In this article we shall look at two terms – perspective and focal length and find out how they are related to each other (if at all). We shall also look at the effect that changing the focal length has on certain photographic situations. We shall also look at how you can make creative use of perspectives and focal lengths.
Does Focal Length Impact Perspective?
You may have heard about this statement quite often, the focal length that you use goes a long way in capturing the right perspective for your images. The statement is both right and wrong at the same time. While focal length does not change perspective per se, it does change how the subject is represented.
Why Eye-Level Perspective is Not Always Best
What you see, i.e., your perspective, is not necessarily the best when it comes to capturing a scene. By placing the camera at a particular angle, however, you may change that perspective and capture a completely fresh one, something that may have never been done before. Professional photogs often do that in order to create a unique image.
You can remove the camera from the eye level and place it on the ground to capture a bug-level perspective of a scene. Alternatively, you can shoot straight up, laying down on your back to capture an overhead foliage in a different perspective.
The Right Focal Length for an Image
You may have heard this statement – certain scenes warrant certain focal length. What is meant by that is the right focal length is important to capture a certain scene in a proper way (not necessarily a unique way). For such scenes using the wrong focal length can be disastrous. E.g., if you are shooting portrait images, using anything wider than 70mm can be catastrophic.
Wide angle lenses give you a bigger field of coverage. To fill the frame for a portfolio shot you will need to step in close to the model. Additionally, wide angle lenses tend to accentuate the size of an object that is close to the lens. What happens as a combination of these factors is that the nose of the subject (which is closer to the lens) appears larger, while the rest of the face appears slender; a rendition which no client will like! Alternatively, you cannot hope to shoot a sweeping panorama using a 300mm tele-lens. You will need an ultra-wide angle lens for that.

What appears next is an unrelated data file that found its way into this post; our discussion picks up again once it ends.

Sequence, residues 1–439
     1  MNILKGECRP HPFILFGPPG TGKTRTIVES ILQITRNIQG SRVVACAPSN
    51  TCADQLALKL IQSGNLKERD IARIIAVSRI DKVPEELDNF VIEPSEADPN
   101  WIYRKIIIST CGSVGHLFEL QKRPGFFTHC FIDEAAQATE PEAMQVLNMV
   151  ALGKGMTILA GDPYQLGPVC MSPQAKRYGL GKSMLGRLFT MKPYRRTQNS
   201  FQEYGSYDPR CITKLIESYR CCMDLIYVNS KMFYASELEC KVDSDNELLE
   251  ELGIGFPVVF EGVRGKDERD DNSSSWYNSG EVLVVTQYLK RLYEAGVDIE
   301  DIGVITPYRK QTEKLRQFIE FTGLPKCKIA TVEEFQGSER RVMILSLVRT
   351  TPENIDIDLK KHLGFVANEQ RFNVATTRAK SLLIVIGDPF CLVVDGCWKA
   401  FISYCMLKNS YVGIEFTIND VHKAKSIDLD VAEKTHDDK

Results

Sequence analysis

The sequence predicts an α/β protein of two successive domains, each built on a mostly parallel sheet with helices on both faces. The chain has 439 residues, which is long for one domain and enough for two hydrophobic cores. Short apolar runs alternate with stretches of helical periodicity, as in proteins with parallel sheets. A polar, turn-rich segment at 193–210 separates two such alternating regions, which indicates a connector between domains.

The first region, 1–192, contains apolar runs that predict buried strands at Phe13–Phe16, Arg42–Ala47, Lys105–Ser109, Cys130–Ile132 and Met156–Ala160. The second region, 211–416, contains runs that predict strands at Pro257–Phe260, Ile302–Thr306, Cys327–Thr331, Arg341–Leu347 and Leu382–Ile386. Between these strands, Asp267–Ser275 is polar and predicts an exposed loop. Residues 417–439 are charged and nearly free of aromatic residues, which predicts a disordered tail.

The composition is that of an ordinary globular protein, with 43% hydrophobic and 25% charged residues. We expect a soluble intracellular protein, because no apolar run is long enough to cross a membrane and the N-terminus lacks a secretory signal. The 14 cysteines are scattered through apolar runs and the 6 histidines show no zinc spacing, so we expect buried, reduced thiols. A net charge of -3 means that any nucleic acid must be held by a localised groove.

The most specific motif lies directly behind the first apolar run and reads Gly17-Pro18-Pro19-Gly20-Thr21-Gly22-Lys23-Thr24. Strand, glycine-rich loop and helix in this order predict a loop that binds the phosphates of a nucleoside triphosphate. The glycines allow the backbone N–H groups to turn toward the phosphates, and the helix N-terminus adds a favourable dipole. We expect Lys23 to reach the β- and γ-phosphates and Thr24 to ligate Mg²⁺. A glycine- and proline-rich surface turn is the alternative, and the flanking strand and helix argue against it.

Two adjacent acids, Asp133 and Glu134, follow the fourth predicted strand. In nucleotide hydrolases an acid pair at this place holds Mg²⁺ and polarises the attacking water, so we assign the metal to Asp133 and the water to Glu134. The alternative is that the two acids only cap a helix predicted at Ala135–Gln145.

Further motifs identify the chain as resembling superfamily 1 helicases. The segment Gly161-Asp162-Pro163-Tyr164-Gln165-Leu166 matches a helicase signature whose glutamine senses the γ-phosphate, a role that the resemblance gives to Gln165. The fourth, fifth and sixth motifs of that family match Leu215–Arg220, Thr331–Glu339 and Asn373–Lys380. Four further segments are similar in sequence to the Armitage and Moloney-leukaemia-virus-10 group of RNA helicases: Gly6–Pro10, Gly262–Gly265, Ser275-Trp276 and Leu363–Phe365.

General purpose kit lenses such as the 18-55mm or the ubiquitous 50mm standard prime are great for everyday photography. But when it comes to shooting anything from the waist up, whilst filling the frame, the best focal lengths are usually the ones between 100mm to 135mm.
Perspective and Focal Length
Thus, the explanations point at two different things. Perspective is something that depends on the camera angle and how you choose to position it in respect to the subject. Focal length on the other hand affect how the image is represented. The two are not to be confused together, despite the fact that they are sometimes used in tandem. Let’s look at a few examples.
Background compression is a type of perspective distortion that happens more with tele lenses than with wide angle lenses. Let’s take an example. Let’s say you take an image of a scene at 16mm. Now, you take another image of the same scene at 50mm. For the next two images you use focal lengths 100mm and 200mm respectively. Now, analyze the four images side by side.
You will notice that for each progressively longer focal length more of the background appears to be sucked into the image while the foreground appears pushed back. In other words the background and the foreground appears to be compressed together. This effect is ideal when you want to incorporate more of the background in your images while getting a close up of the main subject.
Forced perspective is a self-explanatory term, but yet I will attempt at explaining it for the beginners here. To understand forced perspective, first you need to understand a simple aspect of optical illusion. If you place two subjects of equal dimensions a fair distance apart and then shoot from front the one at front will appear larger than the one at back. Taking this concept forward it is thus possible to shoot a small scale model of a car by keeping an individual far behind the car and make them both look relative in size. Movie production houses have done this kind of trickery for years. Steven Spielberg famously used this in the movie ‘Close Encounters of the Third Kind’.
Videos on Focal Length (FREE videos)
How Focal Length Affects Your Background: Take and Make Great Photography with Gavin Hoey
Camera Basics – Focal Length
The Basics of Lens Focal Length: FocusEd